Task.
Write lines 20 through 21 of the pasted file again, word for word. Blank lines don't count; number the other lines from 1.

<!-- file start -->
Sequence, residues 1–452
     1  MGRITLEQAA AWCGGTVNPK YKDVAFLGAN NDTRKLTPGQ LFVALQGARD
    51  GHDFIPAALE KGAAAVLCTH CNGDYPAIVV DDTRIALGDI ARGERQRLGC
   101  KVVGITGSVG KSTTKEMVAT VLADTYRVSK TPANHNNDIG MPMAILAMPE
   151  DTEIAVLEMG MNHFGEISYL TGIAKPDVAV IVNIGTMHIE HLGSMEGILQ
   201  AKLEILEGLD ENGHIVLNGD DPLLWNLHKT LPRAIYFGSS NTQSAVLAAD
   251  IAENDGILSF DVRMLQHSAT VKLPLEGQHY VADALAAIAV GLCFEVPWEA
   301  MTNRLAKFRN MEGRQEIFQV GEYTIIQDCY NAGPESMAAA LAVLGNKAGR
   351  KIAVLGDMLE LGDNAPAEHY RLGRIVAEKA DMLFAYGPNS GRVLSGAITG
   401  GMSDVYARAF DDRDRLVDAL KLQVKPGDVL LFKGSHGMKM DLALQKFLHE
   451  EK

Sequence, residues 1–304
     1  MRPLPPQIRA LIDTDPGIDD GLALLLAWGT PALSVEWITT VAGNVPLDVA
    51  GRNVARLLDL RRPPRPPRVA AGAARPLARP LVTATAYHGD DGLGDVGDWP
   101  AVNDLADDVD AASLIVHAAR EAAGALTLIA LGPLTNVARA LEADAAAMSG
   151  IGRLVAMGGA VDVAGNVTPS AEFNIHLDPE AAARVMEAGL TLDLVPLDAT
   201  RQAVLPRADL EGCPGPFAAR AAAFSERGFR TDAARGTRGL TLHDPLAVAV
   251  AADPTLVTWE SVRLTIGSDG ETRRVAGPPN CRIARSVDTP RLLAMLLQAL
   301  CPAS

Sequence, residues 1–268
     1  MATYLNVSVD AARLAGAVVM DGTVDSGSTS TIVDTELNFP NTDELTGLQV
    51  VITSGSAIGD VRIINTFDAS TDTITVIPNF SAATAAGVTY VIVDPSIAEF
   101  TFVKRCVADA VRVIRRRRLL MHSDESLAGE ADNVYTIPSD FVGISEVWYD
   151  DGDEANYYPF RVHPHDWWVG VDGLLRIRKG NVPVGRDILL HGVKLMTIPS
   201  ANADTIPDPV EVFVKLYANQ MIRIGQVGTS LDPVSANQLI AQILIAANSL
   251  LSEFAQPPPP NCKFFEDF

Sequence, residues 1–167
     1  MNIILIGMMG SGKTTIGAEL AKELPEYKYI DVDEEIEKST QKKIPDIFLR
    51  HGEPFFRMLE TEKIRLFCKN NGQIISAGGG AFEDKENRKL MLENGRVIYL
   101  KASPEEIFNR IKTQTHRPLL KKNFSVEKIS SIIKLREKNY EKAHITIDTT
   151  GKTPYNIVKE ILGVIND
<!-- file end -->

Sequence, residues 1–268
     1  MATYLNVSVD AARLAGAVVM DGTVDSGSTS TIVDTELNFP NTDELTGLQV